In my home, nature study has been the gift that keeps on giving. Prior to encountering Ms Mason, my relationship with nature was rather shallow. I‘ve always loved the aesthetics of nature. The majestic landscapes, the beautiful compositions of colours and shapes and the sense of freedom and inspiration that being outdoors brought me. This is why spring is hands down, my favourite time of the year.

Ms Mason’s views on nature gave me new lenses with which to observe and interpret the world around me. Not only did it revive my spirit, but it gave me yet another nutritious meal recipe to offer my family. As for my son, becoming acquainted with nature study was like finding the lyrics to a tune he had long been singing. Being an observant child, he has always been good at spotting the shapes of trees and clouds as well as the sighting of bugs, worms and flowers in the garden. Having learnt to slow down and listen, I learn so much from viewing nature through his eyes.

Learning about nature study has given me the language, tools and reason to fully appreciate and interpret nature with my son, not only as a science or health necessity but as an act of worship of the divine creator.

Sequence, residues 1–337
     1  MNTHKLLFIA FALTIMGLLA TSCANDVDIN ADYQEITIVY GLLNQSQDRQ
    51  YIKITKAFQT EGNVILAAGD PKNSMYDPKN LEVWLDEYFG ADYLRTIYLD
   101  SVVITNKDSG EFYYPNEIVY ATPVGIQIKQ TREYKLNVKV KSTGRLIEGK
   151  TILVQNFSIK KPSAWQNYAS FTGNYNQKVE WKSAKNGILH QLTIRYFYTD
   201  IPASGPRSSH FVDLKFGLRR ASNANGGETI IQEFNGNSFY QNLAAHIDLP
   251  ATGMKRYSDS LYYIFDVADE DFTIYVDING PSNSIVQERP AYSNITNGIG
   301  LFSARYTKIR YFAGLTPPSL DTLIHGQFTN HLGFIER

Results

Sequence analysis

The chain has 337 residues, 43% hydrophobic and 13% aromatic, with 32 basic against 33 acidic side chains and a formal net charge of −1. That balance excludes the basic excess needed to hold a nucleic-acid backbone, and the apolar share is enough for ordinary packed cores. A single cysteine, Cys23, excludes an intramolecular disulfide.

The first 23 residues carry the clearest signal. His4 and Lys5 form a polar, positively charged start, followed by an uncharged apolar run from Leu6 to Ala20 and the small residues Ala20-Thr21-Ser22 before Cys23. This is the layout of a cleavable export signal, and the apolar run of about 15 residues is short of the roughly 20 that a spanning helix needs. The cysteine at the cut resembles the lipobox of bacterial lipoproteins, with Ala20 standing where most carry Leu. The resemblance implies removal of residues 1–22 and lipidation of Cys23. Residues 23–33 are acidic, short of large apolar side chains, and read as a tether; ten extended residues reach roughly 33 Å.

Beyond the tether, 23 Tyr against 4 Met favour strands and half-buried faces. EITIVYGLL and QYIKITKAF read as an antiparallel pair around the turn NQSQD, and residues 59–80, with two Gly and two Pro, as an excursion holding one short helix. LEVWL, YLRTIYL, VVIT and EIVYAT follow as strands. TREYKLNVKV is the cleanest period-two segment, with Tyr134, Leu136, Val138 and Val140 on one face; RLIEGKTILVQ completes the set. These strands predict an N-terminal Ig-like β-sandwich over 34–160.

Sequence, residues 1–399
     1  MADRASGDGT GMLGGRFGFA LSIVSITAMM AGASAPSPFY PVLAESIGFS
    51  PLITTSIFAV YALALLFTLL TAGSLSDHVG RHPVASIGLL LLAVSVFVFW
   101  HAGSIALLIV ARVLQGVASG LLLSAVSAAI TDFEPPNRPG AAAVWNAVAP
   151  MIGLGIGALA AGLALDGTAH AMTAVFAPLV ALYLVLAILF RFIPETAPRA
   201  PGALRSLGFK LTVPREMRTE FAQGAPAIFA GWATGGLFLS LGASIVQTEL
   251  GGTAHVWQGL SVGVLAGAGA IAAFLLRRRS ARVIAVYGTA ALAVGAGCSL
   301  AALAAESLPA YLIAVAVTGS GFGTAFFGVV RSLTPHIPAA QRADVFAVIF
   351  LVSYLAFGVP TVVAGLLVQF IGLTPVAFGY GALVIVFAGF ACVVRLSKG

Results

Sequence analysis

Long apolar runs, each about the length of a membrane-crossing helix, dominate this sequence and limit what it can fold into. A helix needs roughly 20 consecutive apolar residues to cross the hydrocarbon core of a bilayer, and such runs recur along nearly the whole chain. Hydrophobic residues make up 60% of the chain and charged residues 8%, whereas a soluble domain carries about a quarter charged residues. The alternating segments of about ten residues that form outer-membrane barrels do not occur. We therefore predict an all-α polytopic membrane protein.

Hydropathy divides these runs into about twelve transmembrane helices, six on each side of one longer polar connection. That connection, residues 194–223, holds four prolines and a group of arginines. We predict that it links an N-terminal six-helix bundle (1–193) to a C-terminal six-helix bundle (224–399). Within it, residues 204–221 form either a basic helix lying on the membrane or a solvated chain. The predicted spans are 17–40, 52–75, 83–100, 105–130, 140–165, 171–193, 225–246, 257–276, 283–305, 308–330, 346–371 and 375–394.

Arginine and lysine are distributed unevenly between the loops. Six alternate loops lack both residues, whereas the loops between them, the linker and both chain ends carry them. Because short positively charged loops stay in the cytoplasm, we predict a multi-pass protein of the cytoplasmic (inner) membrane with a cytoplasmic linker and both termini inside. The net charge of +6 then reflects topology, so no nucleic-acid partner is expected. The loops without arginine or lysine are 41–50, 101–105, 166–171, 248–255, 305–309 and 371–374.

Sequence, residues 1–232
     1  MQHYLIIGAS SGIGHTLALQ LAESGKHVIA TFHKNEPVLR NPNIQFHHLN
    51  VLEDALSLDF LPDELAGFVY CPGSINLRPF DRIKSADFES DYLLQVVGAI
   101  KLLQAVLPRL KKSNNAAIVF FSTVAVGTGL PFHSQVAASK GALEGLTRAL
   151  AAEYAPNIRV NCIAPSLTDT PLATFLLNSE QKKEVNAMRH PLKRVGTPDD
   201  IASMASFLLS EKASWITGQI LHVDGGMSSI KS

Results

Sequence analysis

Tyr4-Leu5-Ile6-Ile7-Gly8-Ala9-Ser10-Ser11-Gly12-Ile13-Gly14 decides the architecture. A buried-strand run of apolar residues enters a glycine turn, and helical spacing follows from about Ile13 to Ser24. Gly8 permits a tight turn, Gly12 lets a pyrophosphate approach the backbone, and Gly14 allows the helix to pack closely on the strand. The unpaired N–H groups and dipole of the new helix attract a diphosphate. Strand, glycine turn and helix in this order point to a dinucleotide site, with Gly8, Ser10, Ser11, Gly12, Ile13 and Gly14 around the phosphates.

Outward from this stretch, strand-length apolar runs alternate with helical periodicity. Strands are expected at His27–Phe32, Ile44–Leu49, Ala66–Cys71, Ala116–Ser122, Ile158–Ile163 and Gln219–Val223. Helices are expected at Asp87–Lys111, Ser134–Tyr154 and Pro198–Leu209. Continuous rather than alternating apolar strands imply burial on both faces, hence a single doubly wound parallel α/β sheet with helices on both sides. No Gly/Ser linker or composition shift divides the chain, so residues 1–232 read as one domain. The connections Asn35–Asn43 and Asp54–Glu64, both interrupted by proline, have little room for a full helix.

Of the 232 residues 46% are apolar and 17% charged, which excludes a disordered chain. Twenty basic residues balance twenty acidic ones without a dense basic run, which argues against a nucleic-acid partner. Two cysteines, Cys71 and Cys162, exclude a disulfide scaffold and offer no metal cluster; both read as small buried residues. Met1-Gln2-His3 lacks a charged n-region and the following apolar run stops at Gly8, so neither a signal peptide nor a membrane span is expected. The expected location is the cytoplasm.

This week on the podcast, I have the pleasure of speaking with Weronika Ozpolat (Ronni) a home ed mum to 4 young children, a part time speech pathologist and an avid blogger, content and resource creator at http://www.multiculturalmotherhood.com.

Being one of those exceptional Home Ed mamas who are gifted with the ability to juggle many things at once: Ronni is adept at combining work with home-edding with writing, speaking, training, making amazing IG reels, baking, knitting, creating community and more. However, she says, being out in nature with her kids regularly is by far her top priority and one of her favourite things to do.

This is why I am was thrilled to have the pleasure of speaking to Ronni about her family’s nature schooling rituals and practices on the podcast this week. You can listen to our conversation here now.

12 Charlotte Mason-inspired Tips to Get you Nature or Outdoor Schooling like a Pro.

These nature study tips were drawn from my conversation Weronika Ozpolat (@multiculturalmotherhood and ultimately inspired by the nature study queen herself, Charlotte Mason.

  1. Get out regularly – be consistent go out in all manner of weather. Go for nature walks, got to lonely places where children can explore freely, look out for nature reserves etc.
  2. Become a nature mentor – point out what you love and notice about nature to your children. Ask questions, don’t feed them with answers, allow them the space to think for themselves.
  3. Have a small nature/botany reference resource to hand – this could be a book or a phone which to investigate the names of flora and fauna in your local environment. Failing that take photos and encourage your children to investigate their finds when they get home.